March 2, 2016 | Julie Hughes

During the early part of an election year, thoughts of the “White House” often conjure images of aspiring presidential candidates catapulting insults at one another, and talking heads narrating the scene.  At times like these, it’s easy to think that level-headed executive leadership is the relic of a bygone era. Not so.

IMT was recently invited to a White House roundtable where we saw firsthand the culmination of several government-led initiatives that have successfully brought unlikely partners together around the important topic of energy efficiency. The White House and the U.S. Department of Energy (DOE), over the past few years, have convened utilities, city government officials, and other interested parties to grapple with competing energy efficiency priorities—and they have developed some pretty stellar solutions.

The beauty of these federal initiatives is not just in the pressing energy issues that they tackle but also in the collaborative, cross-sector way in which they are structured.  They represent federal leadership at its best, leveraging its technical expertise and convening power to unite parties that don’t naturally connect—local governments, utilities, software developers, energy auditors, and other market actors—and developing energy efficiency solutions informed by those who will actually use them.  As it stands, the energy efficiency field is benefiting from federal leadership that is developing market-relevant initiatives and overcoming market failures through industry collaboration.

The Energy Data Accelerator, in which IMT proudly participated, officially wrapped up a two year effort in December. Despite the program’s official sunset, the Accelerator has built momentum and facilitated relationships among the many actors mentioned above that will continue to improve access to and sharing of energy data. At the event, 18 utilities, serving more than 2.6 million commercial customers announced that they will provide whole-building energy data access to building owners by 2017 to ease efforts to benchmark energy usage—a major benefit to building owners in areas where energy benchmarking and transparency laws are present.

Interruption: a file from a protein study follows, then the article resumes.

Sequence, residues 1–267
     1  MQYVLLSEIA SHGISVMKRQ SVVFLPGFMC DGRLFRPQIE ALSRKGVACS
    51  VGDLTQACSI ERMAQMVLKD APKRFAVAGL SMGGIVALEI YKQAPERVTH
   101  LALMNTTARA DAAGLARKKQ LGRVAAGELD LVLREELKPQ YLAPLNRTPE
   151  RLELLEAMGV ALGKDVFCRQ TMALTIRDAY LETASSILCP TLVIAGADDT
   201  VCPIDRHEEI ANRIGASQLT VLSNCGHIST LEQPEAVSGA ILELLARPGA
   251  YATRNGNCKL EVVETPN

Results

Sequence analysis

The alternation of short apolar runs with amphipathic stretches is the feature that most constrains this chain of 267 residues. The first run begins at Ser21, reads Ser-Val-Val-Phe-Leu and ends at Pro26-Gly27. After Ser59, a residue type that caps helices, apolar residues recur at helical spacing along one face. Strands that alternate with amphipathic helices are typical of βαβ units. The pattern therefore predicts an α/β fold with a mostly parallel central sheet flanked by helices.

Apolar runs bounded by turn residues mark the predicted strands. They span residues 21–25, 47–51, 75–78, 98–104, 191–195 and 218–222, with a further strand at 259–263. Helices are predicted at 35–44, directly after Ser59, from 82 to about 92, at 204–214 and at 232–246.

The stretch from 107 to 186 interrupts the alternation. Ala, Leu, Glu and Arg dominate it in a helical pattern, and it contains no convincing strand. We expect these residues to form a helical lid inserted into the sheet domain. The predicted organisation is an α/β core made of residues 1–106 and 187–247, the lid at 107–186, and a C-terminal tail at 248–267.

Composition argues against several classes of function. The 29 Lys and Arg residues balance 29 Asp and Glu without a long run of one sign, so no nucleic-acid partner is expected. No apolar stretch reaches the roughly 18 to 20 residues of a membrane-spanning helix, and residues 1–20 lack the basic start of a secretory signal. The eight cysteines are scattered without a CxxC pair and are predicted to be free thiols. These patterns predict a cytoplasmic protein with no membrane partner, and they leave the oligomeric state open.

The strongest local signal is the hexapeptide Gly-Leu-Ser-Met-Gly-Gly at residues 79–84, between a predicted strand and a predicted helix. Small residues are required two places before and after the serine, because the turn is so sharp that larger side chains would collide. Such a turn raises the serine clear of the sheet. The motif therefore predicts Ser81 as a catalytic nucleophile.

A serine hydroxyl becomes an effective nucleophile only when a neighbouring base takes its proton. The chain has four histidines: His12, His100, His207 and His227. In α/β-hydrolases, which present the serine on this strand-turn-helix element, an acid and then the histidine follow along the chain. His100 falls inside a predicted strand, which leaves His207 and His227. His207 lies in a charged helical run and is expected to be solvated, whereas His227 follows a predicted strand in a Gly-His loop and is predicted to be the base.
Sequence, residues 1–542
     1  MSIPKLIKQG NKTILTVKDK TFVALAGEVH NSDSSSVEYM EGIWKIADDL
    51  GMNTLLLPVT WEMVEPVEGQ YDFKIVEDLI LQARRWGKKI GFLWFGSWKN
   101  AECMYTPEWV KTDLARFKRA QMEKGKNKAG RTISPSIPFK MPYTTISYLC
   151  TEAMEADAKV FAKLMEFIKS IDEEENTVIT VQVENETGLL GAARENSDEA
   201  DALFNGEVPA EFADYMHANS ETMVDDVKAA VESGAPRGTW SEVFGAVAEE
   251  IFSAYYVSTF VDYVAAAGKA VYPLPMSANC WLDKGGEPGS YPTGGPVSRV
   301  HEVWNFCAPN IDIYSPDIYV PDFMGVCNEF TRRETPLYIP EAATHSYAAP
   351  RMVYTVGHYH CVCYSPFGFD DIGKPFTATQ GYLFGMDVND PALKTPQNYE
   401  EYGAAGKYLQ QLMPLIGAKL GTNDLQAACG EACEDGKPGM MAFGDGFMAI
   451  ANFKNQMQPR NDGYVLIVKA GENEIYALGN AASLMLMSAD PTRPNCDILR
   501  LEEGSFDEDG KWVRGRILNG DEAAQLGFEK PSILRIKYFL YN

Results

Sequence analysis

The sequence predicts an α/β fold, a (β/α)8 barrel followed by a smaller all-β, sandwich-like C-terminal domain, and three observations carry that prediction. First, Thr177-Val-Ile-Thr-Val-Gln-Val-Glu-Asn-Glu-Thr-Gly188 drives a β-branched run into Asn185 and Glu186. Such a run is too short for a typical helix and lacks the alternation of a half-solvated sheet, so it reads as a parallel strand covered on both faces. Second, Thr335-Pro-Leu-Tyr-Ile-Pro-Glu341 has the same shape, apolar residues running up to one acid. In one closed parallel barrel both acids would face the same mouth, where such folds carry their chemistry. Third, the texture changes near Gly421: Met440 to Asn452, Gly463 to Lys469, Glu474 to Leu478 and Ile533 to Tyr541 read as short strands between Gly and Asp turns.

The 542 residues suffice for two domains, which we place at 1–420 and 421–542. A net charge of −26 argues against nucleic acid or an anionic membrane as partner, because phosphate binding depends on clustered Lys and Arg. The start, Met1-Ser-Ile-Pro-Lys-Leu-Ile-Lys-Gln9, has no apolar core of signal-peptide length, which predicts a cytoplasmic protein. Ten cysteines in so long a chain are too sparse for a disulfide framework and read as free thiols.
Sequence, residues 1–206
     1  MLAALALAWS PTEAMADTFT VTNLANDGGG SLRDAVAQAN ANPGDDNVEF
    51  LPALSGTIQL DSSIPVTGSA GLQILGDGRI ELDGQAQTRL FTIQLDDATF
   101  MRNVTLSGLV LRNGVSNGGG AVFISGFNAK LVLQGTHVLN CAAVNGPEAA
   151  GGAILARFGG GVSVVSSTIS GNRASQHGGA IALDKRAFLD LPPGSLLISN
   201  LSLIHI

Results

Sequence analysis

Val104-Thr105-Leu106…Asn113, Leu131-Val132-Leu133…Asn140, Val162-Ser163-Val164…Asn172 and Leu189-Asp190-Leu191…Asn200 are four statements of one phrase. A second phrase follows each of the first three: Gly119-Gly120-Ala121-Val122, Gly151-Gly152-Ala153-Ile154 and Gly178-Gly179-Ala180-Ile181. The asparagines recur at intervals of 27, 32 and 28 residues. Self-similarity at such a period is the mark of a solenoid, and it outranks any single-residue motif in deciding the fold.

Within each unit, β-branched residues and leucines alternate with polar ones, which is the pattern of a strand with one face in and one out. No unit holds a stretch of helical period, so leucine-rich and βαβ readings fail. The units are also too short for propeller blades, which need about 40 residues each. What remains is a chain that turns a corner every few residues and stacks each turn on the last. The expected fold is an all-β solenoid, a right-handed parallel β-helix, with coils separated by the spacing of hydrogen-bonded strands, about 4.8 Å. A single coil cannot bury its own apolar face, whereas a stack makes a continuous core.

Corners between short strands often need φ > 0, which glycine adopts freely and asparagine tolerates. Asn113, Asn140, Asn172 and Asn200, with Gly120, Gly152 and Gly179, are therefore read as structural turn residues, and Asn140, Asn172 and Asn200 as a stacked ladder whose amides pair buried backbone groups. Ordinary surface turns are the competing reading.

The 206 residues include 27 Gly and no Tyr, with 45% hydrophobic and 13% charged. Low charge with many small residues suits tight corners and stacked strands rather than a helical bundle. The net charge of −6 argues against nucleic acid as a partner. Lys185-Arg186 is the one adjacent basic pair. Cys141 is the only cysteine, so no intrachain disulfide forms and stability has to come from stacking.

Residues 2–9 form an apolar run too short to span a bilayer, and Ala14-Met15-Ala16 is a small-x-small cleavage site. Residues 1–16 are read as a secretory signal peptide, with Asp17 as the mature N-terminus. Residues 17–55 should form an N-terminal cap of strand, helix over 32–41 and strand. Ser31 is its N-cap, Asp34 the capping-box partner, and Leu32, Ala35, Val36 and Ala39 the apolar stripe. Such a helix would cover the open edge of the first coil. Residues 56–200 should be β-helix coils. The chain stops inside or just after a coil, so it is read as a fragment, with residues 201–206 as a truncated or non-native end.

In those areas, the significant increase in building data being collected requires a flexible, cost-effective solution for jurisdictions to manage, organize, and share this information. In anticipation of this market need, DOE created the Standard Energy Efficiency Data (SEED) PlatformTM , an open-source software application that drives down the cost for local governments to build a database that supports the implementation of building energy efficiency policies. The Platform also creates a technical infrastructure where third-party software developers can build their own custom add-ons or link to their existing products. DOE, in partnership with early municipal users and the SEED support team (including IMT) has now expanded this partnership to 12 jurisdictions through the recently launched SEED Platform Collaborative—many of these jurisdictions are also participating in the City Energy Project, a joint initiative of IMT and the Natural Resources Defense Council (NRDC).

Making building energy data organized, searchable, and actionable creates market value by putting information in the hands of those who will create demand for more energy efficiency in buildings. For example, existing buildings can be targeted for energy retrofits based on certain characteristics that may indicate high energy savings potential, such as unusually high energy consumption or the type of heating fuel that the building uses. To support the first step in that process, DOE developed the Building Energy Asset Score, a national standardized tool for assessing the physical and structural energy efficiency of commercial and multifamily residential buildings, which has now completed 825 assessments totaling more than 80 million square feet. The free audit solution allows governments, researchers, and retrofit firms to assess a market’s opportunity for investment and evaluate the success of completed energy conservation measures in a consistent and efficient manner.

IMT was proud to follow strong federal leadership through participation in these programs, and we are delighted to see that the great work started here will continue gaining momentum and accelerating energy efficiency our country’s building stock. We look forward to contributing to this work as it continues to shape a cleaner energy future for us all.


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Meet the Author

Julie Hughes

Former Managing Director of Programs

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